Singapore: PM Lee posturing to avoid touching reserves

  • EVEN as GIC celebrates its many achievements over the last 4 decades, Singapore’s sovereign wealth fund must continue to anticipate and prepare for the challenges that lie ahead, said Prime Minister Lee Hsien Loong on 16 Nov 21.
  • Speaking at a dinner to mark the fund manager’s 40th anniversary, he noted that the economic uncertainties today are “only too apparent”, including the impact of prolonged low interest rates and record fiscal deficits.
  • “Inflation, long been dormant globally, is stirring again. It may yet prove less transient than the current complacent conventional wisdom holds,” he told an audience at the Shangri-La Hotel.
  • The prime minister said geopolitics will play a big role. He cited the strained tensions between the United States and China, which are already affecting global supply chains.
  • “Countries are also rethinking the downside of unfettered free flow of trade and investments, and putting new emphasis on supply-chain security and resilience,” he said.
  • Beyond this, he noted that the tensions and rivalry between the world’s two largest economies “could cripple markets and investments, even short of full-on conflict”.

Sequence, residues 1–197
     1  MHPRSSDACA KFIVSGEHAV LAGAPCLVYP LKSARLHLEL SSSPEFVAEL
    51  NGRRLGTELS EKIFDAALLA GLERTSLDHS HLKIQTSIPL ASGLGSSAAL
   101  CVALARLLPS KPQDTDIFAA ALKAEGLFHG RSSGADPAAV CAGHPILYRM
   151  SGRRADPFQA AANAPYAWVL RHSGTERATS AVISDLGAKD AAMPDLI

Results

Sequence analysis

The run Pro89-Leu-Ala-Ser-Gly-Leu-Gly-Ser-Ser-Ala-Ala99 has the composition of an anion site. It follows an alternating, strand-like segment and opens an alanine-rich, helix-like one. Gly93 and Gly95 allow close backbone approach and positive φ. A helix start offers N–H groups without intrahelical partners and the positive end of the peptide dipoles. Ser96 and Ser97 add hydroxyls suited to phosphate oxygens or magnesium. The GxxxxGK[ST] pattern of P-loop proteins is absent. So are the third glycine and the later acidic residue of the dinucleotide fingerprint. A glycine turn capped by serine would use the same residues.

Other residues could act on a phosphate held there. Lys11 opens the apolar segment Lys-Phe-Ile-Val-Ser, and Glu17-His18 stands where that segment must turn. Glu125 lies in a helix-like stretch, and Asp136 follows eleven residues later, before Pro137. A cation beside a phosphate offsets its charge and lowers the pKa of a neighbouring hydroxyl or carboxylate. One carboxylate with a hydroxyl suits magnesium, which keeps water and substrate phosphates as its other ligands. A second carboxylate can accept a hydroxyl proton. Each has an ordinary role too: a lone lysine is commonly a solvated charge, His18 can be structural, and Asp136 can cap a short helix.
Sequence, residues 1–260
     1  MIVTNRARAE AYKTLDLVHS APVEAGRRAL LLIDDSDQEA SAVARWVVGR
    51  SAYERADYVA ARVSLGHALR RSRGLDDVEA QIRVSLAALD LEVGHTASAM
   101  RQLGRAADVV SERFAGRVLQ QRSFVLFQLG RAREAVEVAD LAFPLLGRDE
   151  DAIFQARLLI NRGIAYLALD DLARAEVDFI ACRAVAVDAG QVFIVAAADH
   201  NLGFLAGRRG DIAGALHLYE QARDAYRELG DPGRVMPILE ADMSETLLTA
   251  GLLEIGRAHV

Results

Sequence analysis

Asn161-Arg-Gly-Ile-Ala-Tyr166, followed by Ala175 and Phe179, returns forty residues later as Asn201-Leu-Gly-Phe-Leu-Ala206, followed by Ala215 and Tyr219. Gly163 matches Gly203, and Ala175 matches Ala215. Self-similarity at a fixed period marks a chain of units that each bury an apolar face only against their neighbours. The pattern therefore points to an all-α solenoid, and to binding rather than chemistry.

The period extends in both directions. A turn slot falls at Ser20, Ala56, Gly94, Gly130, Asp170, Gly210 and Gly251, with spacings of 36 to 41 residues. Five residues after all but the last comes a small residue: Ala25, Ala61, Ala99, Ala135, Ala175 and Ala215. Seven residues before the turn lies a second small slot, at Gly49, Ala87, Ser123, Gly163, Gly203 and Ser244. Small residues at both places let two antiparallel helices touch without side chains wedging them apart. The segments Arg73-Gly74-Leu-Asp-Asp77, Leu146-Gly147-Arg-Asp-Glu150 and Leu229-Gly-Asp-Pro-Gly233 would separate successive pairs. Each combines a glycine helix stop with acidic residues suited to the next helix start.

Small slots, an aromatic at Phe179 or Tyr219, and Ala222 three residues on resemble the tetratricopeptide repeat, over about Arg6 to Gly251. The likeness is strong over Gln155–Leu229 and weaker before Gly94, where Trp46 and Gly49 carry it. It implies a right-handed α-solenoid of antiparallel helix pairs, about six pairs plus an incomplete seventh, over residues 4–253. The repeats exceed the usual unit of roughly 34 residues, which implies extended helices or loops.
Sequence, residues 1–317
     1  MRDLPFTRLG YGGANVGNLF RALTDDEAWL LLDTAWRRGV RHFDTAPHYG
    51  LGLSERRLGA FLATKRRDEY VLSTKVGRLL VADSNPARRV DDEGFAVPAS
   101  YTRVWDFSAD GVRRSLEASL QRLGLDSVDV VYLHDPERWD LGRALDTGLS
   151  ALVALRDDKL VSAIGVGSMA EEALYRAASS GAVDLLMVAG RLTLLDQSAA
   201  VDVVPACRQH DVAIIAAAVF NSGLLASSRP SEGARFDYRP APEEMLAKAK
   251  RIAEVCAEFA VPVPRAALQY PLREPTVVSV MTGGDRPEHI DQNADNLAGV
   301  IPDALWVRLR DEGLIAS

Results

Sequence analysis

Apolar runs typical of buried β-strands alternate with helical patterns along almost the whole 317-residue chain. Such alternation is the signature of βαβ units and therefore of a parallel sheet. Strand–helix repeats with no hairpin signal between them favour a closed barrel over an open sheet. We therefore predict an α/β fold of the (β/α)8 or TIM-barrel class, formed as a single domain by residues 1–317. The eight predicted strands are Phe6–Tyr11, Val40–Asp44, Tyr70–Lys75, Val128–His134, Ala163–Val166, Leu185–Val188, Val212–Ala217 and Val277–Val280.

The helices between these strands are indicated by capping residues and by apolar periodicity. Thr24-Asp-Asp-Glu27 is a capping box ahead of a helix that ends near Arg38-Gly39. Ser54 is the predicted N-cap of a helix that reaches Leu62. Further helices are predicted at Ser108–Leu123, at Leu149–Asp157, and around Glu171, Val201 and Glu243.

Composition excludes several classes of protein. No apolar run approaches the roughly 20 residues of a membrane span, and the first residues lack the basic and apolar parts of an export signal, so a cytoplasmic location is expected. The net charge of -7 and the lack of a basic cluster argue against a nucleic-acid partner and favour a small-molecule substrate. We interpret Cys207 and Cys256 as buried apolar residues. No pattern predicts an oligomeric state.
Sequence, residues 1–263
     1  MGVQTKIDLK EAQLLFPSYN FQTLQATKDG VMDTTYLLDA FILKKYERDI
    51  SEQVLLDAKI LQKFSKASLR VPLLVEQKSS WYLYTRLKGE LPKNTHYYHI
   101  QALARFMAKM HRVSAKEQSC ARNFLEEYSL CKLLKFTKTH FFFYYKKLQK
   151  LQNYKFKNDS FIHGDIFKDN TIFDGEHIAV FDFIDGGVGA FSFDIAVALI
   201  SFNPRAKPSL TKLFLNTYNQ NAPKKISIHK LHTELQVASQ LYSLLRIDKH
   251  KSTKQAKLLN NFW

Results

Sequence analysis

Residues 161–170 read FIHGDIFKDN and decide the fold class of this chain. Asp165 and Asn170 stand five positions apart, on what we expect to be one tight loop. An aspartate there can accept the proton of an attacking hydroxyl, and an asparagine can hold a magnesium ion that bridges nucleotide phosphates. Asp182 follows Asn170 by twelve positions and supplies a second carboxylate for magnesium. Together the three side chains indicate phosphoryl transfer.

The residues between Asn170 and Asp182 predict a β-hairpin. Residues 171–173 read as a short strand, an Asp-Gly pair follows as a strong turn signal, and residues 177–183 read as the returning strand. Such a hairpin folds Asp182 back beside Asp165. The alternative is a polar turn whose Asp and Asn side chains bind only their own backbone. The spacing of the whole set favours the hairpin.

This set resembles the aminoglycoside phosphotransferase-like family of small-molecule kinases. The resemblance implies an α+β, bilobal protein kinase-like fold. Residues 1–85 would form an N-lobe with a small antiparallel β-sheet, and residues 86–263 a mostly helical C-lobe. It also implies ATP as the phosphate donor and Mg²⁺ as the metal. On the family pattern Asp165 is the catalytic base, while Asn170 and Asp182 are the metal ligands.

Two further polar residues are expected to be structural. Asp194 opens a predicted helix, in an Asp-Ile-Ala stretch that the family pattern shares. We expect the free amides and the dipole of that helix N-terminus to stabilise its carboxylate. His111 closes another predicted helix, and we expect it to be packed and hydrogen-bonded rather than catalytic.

• He added that GIC will seek out new investment opportunities in green technologies, which are needed in this transition to a more sustainable world.
  • In Singapore, he said, there are evolving domestic conditions to watch out for, including an increased spending on social and healthcare policies, and a growing pressure on the government to draw more from the country’s reserves instead of raising taxes to pay for the higher expenditure.
  • “GIC has protected, preserved and enhanced the value of the reserves. This has enabled us to build up a valuable nest egg to make up for the oil, gems, timber and all the other natural resources that we do not have,” he said.
  • PM Lee stressed how Singapore’s reserves have been a “bulwark” to see the nation safely through AFC, 08, and COVID-19.
  • He also said that the reserves also play an important role, even in ordinary times, as they provide a steady stream of income to the government of the day.
  • Up to 50% of investment returns from the reserves contribute to the government’s annual budget, which equates to about 20% of the government’s annual revenue.
  • This, said PM Lee, is much more than what is collected from the Goods and Services Tax or corporate income tax, which are the biggest income sources after the investment returns.
  • “This provides the government additional fiscal space to invest in priority areas such as education, healthcare and infrastructure.

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